Religion explains the human condition

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The human condition is "the characteristics, key events, and situations which compose the essentials of human existence, such as birth, growth, emotionality, aspiration, conflict, and mortality." [1]. Apologists argue this requires an explanation and naturalistic processes fail to provide a complete account. The best explanation for the human condition is supposedly God.

"The Christian theistic world view described by the parameters of creation, fall, redemption and consummation has considerable explanatory power in accounting for the existence of human complexity, creativity, love, suffering, disease, evil and hope. [2]"
"Humans experience ourselves and the world in a manner that is difficult to explain on naturalistic atheism or impersonal deism or pantheism. The best explanation for our experience is in our being created in the image of a personal God.[3]"

A variation of the argument known as the argument from the improbable self was put forward by Rebecca Newberger Goldstein.

"Nothing within the world can account for why I am just this, since the laws of the world are generic: they can explain why certain kinds of things come to be, even (let's assume) why human beings with conscious brains come to be. But nothing in the world can explain why one of those human beings should be me. [4]"

Contents

Natural processes

Apologists argue that science cannot explain the human condition in terms of natural processes. This is partly based on unsupported assertions on what science could achieve in principle, and also by claiming questions about the human condition are not scientific questions.

"Brain imaging won't help you to analyse Bach's Art of Fugue or to interpret King Lear any more than it will unravel the concept of legal responsibility or deliver a proof of Goldbach's conjecture [...] We should recognise that not all coherent questions about human nature and conduct are scientific questions, concerning the laws governing cause and effect. Most of our questions about persons and their doings are about interpretation [5]"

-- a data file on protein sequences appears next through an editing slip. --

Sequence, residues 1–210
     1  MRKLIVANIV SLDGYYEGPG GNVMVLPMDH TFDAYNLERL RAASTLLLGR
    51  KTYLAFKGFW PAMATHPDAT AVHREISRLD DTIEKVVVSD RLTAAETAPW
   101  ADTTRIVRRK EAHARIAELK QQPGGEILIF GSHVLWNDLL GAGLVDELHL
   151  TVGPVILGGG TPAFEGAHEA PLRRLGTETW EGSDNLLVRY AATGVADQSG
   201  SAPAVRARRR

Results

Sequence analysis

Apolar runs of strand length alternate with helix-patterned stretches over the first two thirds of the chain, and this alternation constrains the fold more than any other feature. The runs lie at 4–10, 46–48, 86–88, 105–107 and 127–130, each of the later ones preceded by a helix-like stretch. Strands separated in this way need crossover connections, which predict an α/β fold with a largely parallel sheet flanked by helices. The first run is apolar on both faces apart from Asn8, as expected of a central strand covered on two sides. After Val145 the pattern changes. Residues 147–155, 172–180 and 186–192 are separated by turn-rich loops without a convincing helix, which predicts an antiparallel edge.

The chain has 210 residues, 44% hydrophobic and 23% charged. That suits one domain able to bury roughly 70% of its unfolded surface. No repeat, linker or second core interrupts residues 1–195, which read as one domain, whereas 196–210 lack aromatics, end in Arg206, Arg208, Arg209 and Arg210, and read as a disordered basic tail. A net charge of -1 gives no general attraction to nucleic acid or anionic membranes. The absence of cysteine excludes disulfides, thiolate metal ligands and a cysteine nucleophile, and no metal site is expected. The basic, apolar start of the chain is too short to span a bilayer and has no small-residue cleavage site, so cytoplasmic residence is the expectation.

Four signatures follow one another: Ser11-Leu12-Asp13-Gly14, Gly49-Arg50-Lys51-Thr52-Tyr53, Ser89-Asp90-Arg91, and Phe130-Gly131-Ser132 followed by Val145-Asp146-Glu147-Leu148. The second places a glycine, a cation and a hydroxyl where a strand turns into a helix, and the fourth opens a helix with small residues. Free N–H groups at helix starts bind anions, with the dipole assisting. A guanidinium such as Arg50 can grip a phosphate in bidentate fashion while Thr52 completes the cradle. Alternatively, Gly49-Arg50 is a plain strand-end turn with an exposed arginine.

Counter arguments

Vague definitions

The human condition is a vaguely defined concept that means different things in different fields of study. Apologist arguments rarely base their argument from a specific aspect of the human condition but rather use generalisations. Since the human condition is arguably beyond the realm of scientific investigation, it is also debatable if it describes anything that actually exists and not just a human invention or a case of the projection fallacy.

Argument from ignorance

Since the argument does not rule out other possibilities, it is an argument from ignorance. Also, scientific understanding of human behaviour and psychology is improving, so it is an example of God of the gaps.

The human condition and each human identity may not have an explanation and just be a brute fact. Claiming that it your particular identity is both improbably and significant without some justification commits the Texas sharpshooter fallacy.

Which God?

Main Article: Which God?

The argument supports no specific God or religion.

Poor explanation

Using God as an explanation is unjustified because God is a bigger mystery that the one we are trying to explain. Explanations should always be based on known entities.

Christians sometimes argue that Adam and Eve and the Fall are explanations of the human conditions. Apart from the story clearly being absurd (including a talking snake), it also fails to explain any specific aspect of the human conditions but only raises more questions. Humans had already rebelled before they had eaten from the tree of knowledge (otherwise they would not have eaten from it), so the tree is in fact a red herring explanation. The question of why did Adam and Eve rebel is not addressed.

See also

References

  1. [1]
  2. [2]
  3. [3]
  4. Rebecca Newberger Goldstein, 36 Arguments for the Existence of God: A Work of Fiction, 2011
  5. [4]
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